I am sure that your wife will lead a normal life once cured. In my own personal experience, I have met many people (including staff in medical jobs) who had the disease and are now completely treated and leading fit and healthy lives.

Hope your query is answered.
If you do not have any questions, I request you to please close this thread and post a feedback.

Let us hope for the best.
Wishing your wife good health.

Regards,
Dr Vivek
Above answer was peer-reviewed by
 
Follow-up: X-ray report shows patchy homogeneous opacity in upper zone and suggest of infective etiology. Have chest pain. Guide? 26 hours later
Dear Doctor,

Thanks for your advice and appreciate your response. Waiting for the report now. Hope everything comes out normal.

I am closing the discussion now.

Many Thanks again.

Warm Regards

XXXXX
 
 
Answered by Dr. Vivek Chail 1 hour later
Hi Mr XXXXX,
You are most welcome and thank you as well.

Hope I have been able to answer your queries.
Hoping for the best.

Regards
Dr Vivek
Above answer was peer-reviewed by
 
Follow-up: X-ray report shows patchy homogeneous opacity in upper zone and suggest of infective etiology. Have chest pain. Guide? 47 hours later
Dear Doctor,

I needed to follow up to you for some more queries, post receiving the chest CT Scan report of my wife, so I am re-opening this discussion again. I would like to give you all the details of the report as I don't know which may be important to you. I have also divided the report, number wise so that it becomes easy to refer to the problem in my queries.

Below is the report:

ULTRAFAST 64 SLICE MDCT: THORAX (HRCT)

Continuous spiral sections of the thorax were taken from the apices to the level of diaphragm followed by high resolution sections of the same region with multi planer reconstructions.

REPORT:

1) Patchy fibrotic changes are seen in the apical and posterior segments of right upper lobe with associated parenchymal architectural distortion and traction bronchiectasis.

2) Lung fields are otherwise normal in attenuation and show normal bronchovascular markings. No active parenchymal lesion is seen. No centrilobular nodules or consolidation is seen.

3) Mediastinum is central in location. Discrete tiny to prominent mediastinal nodes are seen, few of them showing calcification.

4) Trachea and major bronchi are normal in caliber. No intraluminal filing defect is seen. Both hila are normal in size and configuration. Hemidiaphragms are normal in position and reveal no significant abnormality.

5) No obvious plueral or pericardial effusion is seen.

6) Bones do not show obvious abnormality in the sections under review. The muscles and soft tissues of the chest wall do not reveal abnormality.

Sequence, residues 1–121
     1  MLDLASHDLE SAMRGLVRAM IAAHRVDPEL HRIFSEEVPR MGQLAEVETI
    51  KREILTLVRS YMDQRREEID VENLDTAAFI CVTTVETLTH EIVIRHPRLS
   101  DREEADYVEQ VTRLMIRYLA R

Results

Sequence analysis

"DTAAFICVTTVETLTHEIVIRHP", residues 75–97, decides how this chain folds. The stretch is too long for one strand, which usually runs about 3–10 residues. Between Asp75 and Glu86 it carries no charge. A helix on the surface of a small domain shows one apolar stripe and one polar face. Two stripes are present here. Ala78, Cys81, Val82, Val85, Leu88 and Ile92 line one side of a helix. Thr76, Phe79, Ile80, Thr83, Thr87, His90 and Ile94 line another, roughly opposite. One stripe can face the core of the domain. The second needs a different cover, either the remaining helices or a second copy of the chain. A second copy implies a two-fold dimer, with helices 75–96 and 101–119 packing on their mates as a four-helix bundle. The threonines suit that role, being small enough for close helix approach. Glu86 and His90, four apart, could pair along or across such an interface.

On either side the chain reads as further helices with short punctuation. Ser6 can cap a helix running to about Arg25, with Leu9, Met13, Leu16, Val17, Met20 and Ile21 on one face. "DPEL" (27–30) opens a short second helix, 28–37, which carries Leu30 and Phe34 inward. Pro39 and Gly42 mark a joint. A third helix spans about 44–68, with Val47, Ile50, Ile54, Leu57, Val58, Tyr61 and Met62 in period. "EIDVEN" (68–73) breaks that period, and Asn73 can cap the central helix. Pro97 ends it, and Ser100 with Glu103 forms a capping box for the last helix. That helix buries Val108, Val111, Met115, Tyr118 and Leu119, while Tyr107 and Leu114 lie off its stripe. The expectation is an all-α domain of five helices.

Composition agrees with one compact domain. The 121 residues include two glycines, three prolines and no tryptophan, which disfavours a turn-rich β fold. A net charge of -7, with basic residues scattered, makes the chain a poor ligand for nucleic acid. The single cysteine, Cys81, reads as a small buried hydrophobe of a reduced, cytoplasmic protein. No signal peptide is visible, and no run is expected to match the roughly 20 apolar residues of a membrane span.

7) Visualized sections through the upper abdomen reveal mild hepatosplenomegaly.

IMPRESSION:

FIBROBRONCHIECTATIC CHANGES IN RIGHT UPPER LOBE - Post infective sequelae.
NO ACTIVE LUNG PARENCHYMAL LESION.
NO PLEURAL/PERICARDIAL EFFUSION.

Dear Doctor, the report marking for the above number points as okay and normal, I am relieved with that. But however, I am really worried for point number 1, 3 and 7.

For point number 1, as you 've said in your previous answer, the patients who undergoes through chest TB are left with scarred lungs and development of fibrosis.I am worried, will this fibrosis will lead to more acute problems in future of my wife such as difficulty in breathing,weakness, pneumonia or repeated infection etc. Does it lead to fibrosis inflammation in future or is it cancerous. I also want to know if a person have fibrosis can this be cured or healed completely or 'll it remain throughout the lifetime. Does it effect the life
expectancy of one?( I got in some forums in internet that it reduces the life of a person).

For point 3, if I am not wrong, is calcification of mediastinal nodes, means making the nodes inactive. Will it effect her if present or should it be removed through some treatment?

For point 7, can this enlargement be treated or will it become normal gradually?

Dear Doctor, I know I 've put up so many queries at one go and seek your pardon too, but I hope you 'll understand my situation that I am going through. I am really worried after receiving the report and your valuable suggestions or directions will really help me to go further for her right treatment.


Thanks & Warm Regards

XXXXX
 
 
Answered by Dr. Vivek Chail 5 hours later
Hi Mr.XXXXX,
Thanks for writing in with CT scan chest report details.

Please do not hesitate to clear your smallest doubts.

I will explain the entire report pointwise to the best of my ability:

1)     Patchy fibrotic changes are seen in the apical and posterior segments of right upper lobe with associated parenchymal architectural distortion and traction bronchiectasis.